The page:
GROWING up in Hartlepool in the post-war years I recall a town which was very different from how it is today.
Gray’s shipyard was building cargo ships, the Central Marine Engine Works was producing Doxford marine engines, Richardson and Westgarth was manufacturing steam turbines, boilers and generators for power stations, and Siemens had 4,500 employees assembling Strowger telephones.
There were also numerous cinemas in the town.
The Forum, the Odeon, the Regal, the Gaumont, the Lex, the Northerns, the West End where the six front rows were wooden benches, and of course the Queens and the Palladium in ‘old Hartlepool.’
There was a dance at the Town Hall on Saturdays, with music by Billy Howard and his band, and at the Queens Rink where the Benny Nelson band played three nights a week with Tommy Lough on trumpet.
And more dance evenings at the Borough Hall.
There were Scout troops, Boys Brigade companies, Girl Guides and Brownies, and a number of youth clubs in various parts of the town.
Football was popular, with Church League matches every Saturday afternoon at Grayfields and on the ‘Rec’.
There were cricket matches in the summer, and swimming at the baths at Seaton and in the open-air, unheated sea water pool at Hartlepool. Brrrr!
And there were occasional athletics meetings at Grayfields, on the Oval, where top runners would compete on the cinder track.
Very few people had cars in those days and the electric trolley buses were a popular way to get into town.
Clean and non-polluting but they were replaced by noisy, diesel buses which belch toxic carbon monoxide and soot particles from their exhaust pipes.
It was regarded as progress, but we now know that diesel buses are a health hazard and it would have been better if we had continued with the quiet, clean trolley buses.
And for special occasions there was always Meredith’s who had a small fleet of old, classic Rolls Royce cars which waited outside the railway station because, apart from weddings, the main thing was to take people to and from the station.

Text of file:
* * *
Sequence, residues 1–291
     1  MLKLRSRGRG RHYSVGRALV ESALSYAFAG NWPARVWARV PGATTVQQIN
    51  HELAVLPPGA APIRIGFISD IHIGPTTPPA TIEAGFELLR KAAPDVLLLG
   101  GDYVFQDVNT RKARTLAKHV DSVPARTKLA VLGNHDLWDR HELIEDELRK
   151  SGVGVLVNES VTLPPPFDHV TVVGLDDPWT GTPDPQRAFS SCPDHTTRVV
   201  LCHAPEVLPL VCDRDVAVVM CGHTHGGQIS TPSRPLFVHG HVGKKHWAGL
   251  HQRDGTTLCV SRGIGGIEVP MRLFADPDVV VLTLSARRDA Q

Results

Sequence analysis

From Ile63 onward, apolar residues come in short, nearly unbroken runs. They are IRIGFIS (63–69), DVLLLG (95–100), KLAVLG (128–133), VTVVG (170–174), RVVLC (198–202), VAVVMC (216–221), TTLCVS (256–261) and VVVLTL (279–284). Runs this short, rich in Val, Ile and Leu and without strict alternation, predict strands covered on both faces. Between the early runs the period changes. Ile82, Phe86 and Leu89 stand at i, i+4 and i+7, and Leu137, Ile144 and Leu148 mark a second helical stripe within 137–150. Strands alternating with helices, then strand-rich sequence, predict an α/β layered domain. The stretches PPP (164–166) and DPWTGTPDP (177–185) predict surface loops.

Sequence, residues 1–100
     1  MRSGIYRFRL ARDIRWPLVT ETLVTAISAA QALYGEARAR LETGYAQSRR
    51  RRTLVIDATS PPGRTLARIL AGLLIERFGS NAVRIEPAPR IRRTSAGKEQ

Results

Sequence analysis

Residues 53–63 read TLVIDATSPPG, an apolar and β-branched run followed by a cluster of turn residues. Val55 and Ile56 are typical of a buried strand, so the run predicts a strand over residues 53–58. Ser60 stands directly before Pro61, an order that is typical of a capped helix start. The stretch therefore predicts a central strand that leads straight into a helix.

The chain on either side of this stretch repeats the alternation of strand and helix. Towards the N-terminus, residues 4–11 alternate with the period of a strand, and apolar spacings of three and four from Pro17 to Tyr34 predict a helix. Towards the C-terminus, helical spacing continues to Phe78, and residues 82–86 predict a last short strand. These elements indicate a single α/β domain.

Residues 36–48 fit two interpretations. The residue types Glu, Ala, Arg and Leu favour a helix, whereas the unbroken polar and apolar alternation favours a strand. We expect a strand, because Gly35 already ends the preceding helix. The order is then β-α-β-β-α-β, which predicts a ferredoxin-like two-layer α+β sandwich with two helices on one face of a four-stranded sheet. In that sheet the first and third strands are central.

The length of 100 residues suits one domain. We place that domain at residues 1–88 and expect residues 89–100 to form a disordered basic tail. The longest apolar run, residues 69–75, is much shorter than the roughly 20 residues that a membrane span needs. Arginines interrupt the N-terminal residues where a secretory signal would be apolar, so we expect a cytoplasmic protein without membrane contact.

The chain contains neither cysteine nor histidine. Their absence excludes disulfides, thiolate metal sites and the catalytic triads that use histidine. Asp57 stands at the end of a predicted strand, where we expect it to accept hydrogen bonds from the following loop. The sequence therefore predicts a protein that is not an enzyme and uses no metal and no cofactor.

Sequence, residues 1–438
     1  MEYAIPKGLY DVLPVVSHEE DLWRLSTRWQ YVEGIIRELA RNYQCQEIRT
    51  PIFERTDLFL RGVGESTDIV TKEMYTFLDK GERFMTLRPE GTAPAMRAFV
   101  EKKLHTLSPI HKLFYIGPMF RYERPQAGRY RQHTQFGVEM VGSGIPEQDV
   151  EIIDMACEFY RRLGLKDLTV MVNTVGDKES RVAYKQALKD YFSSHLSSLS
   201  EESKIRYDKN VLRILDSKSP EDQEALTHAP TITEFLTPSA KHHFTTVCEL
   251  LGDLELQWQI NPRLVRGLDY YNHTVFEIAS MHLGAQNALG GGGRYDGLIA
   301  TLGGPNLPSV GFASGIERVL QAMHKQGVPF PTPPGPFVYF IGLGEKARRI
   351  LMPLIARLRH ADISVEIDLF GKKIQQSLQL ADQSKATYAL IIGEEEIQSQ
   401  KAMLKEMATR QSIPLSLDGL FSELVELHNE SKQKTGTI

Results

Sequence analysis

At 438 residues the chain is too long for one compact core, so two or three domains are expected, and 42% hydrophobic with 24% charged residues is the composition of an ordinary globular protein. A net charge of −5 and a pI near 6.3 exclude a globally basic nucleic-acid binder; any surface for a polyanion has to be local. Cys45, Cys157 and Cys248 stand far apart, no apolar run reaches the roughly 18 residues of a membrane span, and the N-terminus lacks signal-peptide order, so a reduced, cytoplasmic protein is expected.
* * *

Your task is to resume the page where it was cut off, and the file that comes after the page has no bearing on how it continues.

Hartlepool was well known as the only town in England with Rolls Royce taxis.
We had better shopping in those days too with Binns, the Co-op store at the bottom of Park Road, Robinson’s, Blackett’s and Moorhouses at the York Road/Park Road traffic lights.
Other shops that come to mind are John F Knight’s in Church Square, a high class grocer, and Hare and Greenwell in York Road, an excellent grocer and butcher.
Miss Smith had a high quality crystal and china shop in York Road and Miss Carr’s dress shop, also in York Road, was well patronised.
There were two good baker’s shops, Spark’s and Scott’s, Jackson and Dunn’s hardware shop and Bruce Moore’s music and records shop.
Atkinson and Shires in Musgrave Street was another very good butcher’s shop and down in Lynn Street there was Woolworth and Marks and Spencer, almost next door to each other.
Always crowded on Saturdays.
And there was the beautiful Victorian Empire Theatre where variety shows were very popular.
I recall seeing Frankie Vaughan there and the comedian, Derek Roy.
The Philip Barrett repertory company came every summer and stayed for two months, putting on a different play every week. I saw the old classic East Lynn on one occasion.
Times were hard in those days as Britain was recovering from six years of war, but although unemployment was relatively low there wasn’t a lot of money around.
But I look back on those days with fond memories.
Life seemed to be good in many ways.
Even though we didn’t have computers, Facebook, Twitter and pubs licensed to stay open until 2am.
In those days it was “time please” at 10.30pm with 15 minutes’ drinking up time.
Drugs were almost unheard of and the police had a much easier job than they have today.